Sometimes we here at Jp take building Jeeps for granted. We've modified so many project vehicles over the years that sometimes it is hard to remember what it was like to dive into our first project. Eric Zappe bought his '00 Jeep Cherokee new off the showroom floor and built it part-by-part over the years from a combination of readily available products and custom fabrication. He is the guy who wrote the book on how to build Cherokees—literally. Eric's High-Performance Jeep Cherokee XJ Builder's Guide 1984-2001 has 144 pages of information on how to turn a stock XJ into a capable wheeler worthy of the Jeep name. But instead of being one of those Internet armchair quarterbacks who spout off “advice” without ever turning a wrench, Eric has built his own Cherokee through trial and error in order to pass his knowledge along to others.
Eric knew that he was going to subject his Cherokee to extreme conditions, so the unitbody was reinforced with TnT Customs frame stiffeners, TMR front frame plates, a TnT Customs belly pan, and a six-point interior cage. Once the platform was beefed, Eric turned to the suspension. The front uses Rubicon Express 5.5-inch coils and Rubicon Express monotube shocks with JKS bar-pin eliminators. Adding this much lift to the front of a Cherokee can create issues if used with the stock control arms, but Eric remedied that with TnT Customs Y-Link long-arm kit and a Rubicon Express HD adjustable track bar. The leaf springs over the axle of the Cherokee made the rear relatively easy to upgrade, and all that was needed was a set of Rubicon Express 4.5-inch leaf springs, TeraFlex shackles, and Old Man Emu shocks.
The drivetrain on this Jeep is fairly vanilla, but not that cheapo vanilla that your mom used to bring home in 2.5 gallon buckets. It's more like Häagen-Dazs, made from premium ingredients. The 4.0L engine was left untouched internally, but uses a 60mm throttle body from Jeepers and Creepers and a 2.5-inch exhaust with a Magnaflow muffler for improved breathing. Eric built a custom intake that mounts the Airaid cone filter inside the cowl to allow for deep water crossings without a plastic snorkel to get ripped off the A-pillar. An AW4 automatic with a Hayden tranny cooler and an NP231 fitted with a Rubicon Express slip-yoke eliminator and double cardan driveshaft route power to the axles.
The front axle is a high-pinion Dana 30 from a '98 XJ. It's said Jeep switched production to low-pinion Dana 30s in 2000 to match the TJ Wrangler and streamline production. We say it knew the Cherokee was dead, and when the supply of high-pinion Dana 30s dried up, it just started pilfering from the TJ line to finish the last models that were to be produced. The tubes and control arm mounts have been reinforced and the axle has been upgraded with 4.56 gears, an ARB Air Locker, and Warn chromoly axleshafts with manual hubs. This ensures that the axle will live a long life, even when capped by 35-inch Goodyear MT/R tires. Steering the axle is a stock Saginaw box that is aided by a Currie Currectlync tie rod and drag link, GoFerIt tie rod flip, C-Rock steering box frame plate, and Rusty's Off Road steering box brace.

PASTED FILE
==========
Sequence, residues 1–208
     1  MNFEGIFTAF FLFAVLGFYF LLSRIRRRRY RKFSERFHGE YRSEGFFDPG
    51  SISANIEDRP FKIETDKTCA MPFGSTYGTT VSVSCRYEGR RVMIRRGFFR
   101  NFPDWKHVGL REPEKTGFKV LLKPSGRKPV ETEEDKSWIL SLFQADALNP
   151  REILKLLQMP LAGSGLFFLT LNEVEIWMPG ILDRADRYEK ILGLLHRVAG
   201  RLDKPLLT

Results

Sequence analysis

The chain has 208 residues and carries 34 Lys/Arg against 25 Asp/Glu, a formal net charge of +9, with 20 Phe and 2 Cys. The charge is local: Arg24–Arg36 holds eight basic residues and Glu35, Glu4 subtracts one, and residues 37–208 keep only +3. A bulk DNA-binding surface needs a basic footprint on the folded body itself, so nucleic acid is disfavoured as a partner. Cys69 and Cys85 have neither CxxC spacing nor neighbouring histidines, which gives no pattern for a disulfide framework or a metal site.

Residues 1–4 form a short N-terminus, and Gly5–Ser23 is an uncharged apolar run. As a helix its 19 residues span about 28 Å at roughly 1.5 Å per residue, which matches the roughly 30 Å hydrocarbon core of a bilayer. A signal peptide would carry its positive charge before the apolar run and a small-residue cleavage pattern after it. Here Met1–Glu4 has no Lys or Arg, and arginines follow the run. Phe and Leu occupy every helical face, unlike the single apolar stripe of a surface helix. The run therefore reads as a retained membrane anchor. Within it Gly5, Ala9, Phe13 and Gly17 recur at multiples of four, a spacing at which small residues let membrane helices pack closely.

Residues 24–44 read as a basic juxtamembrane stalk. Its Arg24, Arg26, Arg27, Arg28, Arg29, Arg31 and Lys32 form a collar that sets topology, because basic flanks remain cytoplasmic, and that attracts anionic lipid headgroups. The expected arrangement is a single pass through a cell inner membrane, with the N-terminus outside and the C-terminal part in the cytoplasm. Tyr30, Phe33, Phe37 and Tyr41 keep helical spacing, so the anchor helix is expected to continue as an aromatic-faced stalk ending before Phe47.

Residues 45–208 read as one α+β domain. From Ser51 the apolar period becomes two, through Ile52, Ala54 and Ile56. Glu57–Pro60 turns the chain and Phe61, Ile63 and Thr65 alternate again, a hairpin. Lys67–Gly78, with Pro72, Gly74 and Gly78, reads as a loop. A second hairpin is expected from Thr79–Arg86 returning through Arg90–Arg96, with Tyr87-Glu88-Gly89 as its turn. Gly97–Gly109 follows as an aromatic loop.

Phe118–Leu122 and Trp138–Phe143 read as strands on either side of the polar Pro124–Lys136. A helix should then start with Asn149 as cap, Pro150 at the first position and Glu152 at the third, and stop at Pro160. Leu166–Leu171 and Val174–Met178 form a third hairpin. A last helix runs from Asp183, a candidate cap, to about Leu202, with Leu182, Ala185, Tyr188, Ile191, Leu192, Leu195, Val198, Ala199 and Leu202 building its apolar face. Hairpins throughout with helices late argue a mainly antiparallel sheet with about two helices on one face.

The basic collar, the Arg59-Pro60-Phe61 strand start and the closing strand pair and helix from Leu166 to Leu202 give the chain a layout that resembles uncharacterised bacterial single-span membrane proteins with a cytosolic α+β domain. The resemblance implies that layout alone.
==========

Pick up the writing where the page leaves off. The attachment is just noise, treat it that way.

The rear axle is also a factory Jeep piece in the form of a Chrysler 8.25. Much stronger than the Dana 35 sometimes found in the back of Cherokees, Eric only needed a few aftermarket components to ensure reliability from his rear axle. These include 4.56 Yukon gears and an ARB Air Locker to match the front axle, along with Yukon chromoly axle shafts and a TeraFlex rear disc brake conversion.
Body and Interior
Unlike most jungle gyms, the exocage isn't the first thing that you notice about Eric's Cherokee, and that is a good thing. Instead of adding tube outside of the factory front fenders and hooks and ladders around the cab, he ditched the front fenders and skinned tube fenders for added strength without added width or Mad Max looks. The 1.5-inch, 0.120-wall DOM tube then ties into a roof halo that is tied in directly to the six-point interior rollcage. Plates and silicone sealer were used to keep the roof leak-free after the cage was added. If you want to wheel with the doors off your Cherokee and plan to have them fit back on afterwards, consider doing something similar.
Other protection comes from the Tomken gas tank skidplate, BPI front bumper equipped with a Warn 9.0Rc winch and KC SlimLites, and the rare AEV rear bumper and tire carrier. Eric trimmed the rockers and tied 2 x 6-inch box tubing into the unitbody for greater strength and ground clearance. Inside the Jeep was coated with Herculiner and a Viair 400C air compressor sits in the back to power the lockers and fill tires.
Good, Bad, and What It's For
The photos were shot with Eric's custom tube doors on his Cherokee, but the factory doors have been trimmed to work with the boat sides and allow for comfortable wheeling all year round. Like any Cherokee, glass and sheetmetal are the biggest things working against Eric's XJ, and we are amazed that it is still as straight as it is given the places he has wedged the Jeep over the years. Never one to leave his vehicle alone for too long, Eric plans to add coil springs to the rear suspension and upgrade the T-case in the future.
Vehicle: '00 Cherokee Sport
Engine: 4.0L I-6
Transmission: AW4 four-speed automatic
Transfer Case: NP231
Suspension: TnT Customs Y-Link long-arm (front); Rubicon Express leaf springs (rear)
Axles: Dana 30 (front), Chrysler 8.25 (rear)
Wheels: 15x8 Cragar black steel
Tires: 35x12.5R15 Goodyear MT/R
Built For: Cherokee product testing
Why I Wrote This Feature
I am not a fan of exocages, but the tube work and flat tan paint on Eric's XJ were love at first sight for me. I appreciate that he upgraded the stock running gear instead of tossing it for a GM Gen III engine and 1-ton axles. And the fact that he is a heck of a nice guy and willing to share his experiences and hard work with other Jeepers sealed the deal.